As required by Article III, Rule 12 of the Supreme Court Rules of Disciplinary Procedure, this Court's Disciplinary counsel obtained a certified copy of the judgment of conviction and filed it with this Court.   The sole issue before us is the appropriate level of discipline to impose based upon that conviction.   Violation of 18 U.S.C. § 1623 is a felony offense.   We have long held that conviction of a felony offense, in this or any other jurisdiction, will result in the disbarment of any attorney except in the rarest of cases.   In the Matter of Almonte, 678 A.2d 457, 458 (R.I.1996) (per curiam);  In the Matter of Donovan, 634 A.2d 861, 861 (R.I.1993) (per curiam).   Our review of the facts of this case leads us to conclude that deviation from this standard is not appropriate in the matter before us.

In pleading guilty to count 3 of the indictment, respondent has conclusively acknowledged that he provided a false statement, under oath, in a judicial proceeding.   He has requested that we fashion a disciplinary sanction less than disbarment to address this misconduct.   In support of his plea for leniency we note that he has been a member of the bar since 1958 without receiving any disciplinary complaints and that from 1978 until his retirement in 1998 he served as an associate judge of the Administrative Adjudication Court.3  The conduct for which he has been convicted bears no relationship to his actions as an attorney or as a judge.

However, respondent has been convicted of committing a serious felony that undermines the judicial process and fosters disrespect for the law.   It is axiomatic that a judicial proceeding is a search for the truth.   Witnesses are placed under oath in the expectation that the taking of that oath will lead to the presentation of truthful testimony.   When a witness provides false testimony under oath he or she undermines the very process of law.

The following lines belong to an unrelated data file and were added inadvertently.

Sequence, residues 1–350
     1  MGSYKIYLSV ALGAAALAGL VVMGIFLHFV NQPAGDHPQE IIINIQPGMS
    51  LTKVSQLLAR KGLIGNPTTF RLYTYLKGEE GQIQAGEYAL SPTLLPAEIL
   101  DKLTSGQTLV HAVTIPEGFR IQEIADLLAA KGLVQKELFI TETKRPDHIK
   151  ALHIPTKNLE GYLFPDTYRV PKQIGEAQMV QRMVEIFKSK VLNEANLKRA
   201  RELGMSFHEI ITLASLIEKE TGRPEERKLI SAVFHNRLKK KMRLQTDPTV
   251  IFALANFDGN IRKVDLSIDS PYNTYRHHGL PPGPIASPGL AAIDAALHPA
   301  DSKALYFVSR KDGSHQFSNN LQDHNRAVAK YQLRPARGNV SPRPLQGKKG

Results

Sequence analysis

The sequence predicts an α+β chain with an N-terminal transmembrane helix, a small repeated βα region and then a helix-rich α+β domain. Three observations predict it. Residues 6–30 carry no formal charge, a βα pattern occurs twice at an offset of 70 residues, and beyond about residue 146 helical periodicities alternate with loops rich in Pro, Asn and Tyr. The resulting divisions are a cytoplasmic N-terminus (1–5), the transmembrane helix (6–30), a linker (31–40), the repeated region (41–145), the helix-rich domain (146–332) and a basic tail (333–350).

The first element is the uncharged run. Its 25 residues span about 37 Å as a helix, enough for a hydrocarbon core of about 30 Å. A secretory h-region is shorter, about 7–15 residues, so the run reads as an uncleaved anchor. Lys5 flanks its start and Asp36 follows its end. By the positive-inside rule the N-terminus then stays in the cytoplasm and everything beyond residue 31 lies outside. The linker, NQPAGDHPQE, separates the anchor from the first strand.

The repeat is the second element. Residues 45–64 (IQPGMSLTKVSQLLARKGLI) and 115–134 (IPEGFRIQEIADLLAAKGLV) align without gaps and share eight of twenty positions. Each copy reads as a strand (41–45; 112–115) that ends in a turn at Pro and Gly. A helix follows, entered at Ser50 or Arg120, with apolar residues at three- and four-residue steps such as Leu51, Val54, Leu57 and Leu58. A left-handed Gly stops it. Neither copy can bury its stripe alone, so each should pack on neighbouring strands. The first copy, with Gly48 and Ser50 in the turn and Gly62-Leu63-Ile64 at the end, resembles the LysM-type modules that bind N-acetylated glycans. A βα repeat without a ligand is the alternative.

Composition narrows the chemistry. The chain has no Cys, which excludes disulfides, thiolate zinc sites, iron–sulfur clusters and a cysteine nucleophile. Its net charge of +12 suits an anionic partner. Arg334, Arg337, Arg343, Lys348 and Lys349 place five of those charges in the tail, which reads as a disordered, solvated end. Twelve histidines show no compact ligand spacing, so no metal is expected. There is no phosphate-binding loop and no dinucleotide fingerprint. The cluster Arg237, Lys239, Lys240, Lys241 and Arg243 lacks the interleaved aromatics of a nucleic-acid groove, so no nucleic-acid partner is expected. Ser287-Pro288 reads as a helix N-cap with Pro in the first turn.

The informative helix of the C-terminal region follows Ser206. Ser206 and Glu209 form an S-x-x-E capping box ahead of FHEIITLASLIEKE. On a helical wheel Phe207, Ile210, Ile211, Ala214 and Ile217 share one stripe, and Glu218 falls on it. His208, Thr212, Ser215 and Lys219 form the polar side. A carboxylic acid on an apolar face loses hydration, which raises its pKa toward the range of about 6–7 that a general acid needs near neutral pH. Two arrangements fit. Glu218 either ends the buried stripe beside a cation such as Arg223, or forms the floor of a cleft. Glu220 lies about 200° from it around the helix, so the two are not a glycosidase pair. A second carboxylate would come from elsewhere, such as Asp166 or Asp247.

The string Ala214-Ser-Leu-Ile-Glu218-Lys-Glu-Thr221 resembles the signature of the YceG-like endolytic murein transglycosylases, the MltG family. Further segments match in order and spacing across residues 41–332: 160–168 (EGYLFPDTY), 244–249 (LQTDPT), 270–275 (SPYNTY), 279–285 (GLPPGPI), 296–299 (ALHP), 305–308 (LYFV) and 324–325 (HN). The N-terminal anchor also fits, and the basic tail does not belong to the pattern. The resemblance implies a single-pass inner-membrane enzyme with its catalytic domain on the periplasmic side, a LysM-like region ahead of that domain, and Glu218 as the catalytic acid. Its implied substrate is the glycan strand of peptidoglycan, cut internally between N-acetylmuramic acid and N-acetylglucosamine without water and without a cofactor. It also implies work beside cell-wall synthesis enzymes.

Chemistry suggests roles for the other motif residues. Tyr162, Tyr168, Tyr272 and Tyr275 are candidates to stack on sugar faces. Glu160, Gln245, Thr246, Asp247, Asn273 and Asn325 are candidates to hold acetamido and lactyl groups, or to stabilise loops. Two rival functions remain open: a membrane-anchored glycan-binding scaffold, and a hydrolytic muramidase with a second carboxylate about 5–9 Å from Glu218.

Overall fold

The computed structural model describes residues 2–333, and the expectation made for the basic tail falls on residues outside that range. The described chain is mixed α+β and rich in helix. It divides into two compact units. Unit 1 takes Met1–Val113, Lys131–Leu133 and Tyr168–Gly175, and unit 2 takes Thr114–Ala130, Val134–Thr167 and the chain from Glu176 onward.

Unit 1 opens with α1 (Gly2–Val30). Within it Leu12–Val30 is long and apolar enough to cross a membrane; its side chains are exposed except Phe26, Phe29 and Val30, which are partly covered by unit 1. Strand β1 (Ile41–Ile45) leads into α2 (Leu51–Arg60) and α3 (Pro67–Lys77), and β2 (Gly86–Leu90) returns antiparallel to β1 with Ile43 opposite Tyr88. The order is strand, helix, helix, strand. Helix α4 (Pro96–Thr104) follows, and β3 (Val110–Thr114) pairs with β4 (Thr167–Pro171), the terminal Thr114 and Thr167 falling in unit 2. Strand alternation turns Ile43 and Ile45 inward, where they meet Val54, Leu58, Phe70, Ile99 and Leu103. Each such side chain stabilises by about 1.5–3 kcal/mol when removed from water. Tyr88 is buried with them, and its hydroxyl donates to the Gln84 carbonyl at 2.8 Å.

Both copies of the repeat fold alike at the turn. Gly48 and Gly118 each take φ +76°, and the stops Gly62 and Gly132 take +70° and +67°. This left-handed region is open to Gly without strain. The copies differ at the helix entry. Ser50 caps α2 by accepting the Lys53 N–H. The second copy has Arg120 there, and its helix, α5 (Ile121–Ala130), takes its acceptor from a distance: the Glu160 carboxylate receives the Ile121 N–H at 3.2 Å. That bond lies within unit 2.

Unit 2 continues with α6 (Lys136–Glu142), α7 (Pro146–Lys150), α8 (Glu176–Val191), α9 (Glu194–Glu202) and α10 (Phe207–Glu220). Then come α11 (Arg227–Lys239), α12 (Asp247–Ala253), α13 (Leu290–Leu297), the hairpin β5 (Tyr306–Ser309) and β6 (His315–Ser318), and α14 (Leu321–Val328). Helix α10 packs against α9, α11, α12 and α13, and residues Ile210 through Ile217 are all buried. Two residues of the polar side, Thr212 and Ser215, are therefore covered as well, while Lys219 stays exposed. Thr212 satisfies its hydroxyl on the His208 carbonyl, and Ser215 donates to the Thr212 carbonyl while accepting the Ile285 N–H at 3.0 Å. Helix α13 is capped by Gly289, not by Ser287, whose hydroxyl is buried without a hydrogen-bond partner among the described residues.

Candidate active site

Professional discipline serves two important functions, protecting the public and maintaining the integrity of the profession.   In the Matter of Almonte, 678 A.2d at 458.   A judge and attorney who testifies falsely in a judicial proceeding tarnishes the integrity of our profession.   That damaged integrity can be restored only by the imposition of the harshest disciplinary sanctions.

Accordingly, the respondent, John F. Lallo, is hereby disbarred from the practice of law in this jurisdiction.


1.   The respondent readily acknowledges that he was a frequent patron of a gambling casino.   However, he has represented to this Court that his financial difficulties arose from losses in a real estate transaction rather than from losses at the gaming tables.

2.   The restitution order contained in the judgment of conviction requires respondent to make payment to the trustee in bankruptcy.

3.   At the time of his appointment through 1992 the Administrative Adjudication Court (AAC) was part of the Department of Transportation and was called the “Administrative Adjudicative Division (AAD).”   In 1993, the AAD became part of the unified court system and its title changed to AAC.   After respondent retired, the AAC became the Traffic Tribunal.


Chief Justice WILLIAMS did not participate.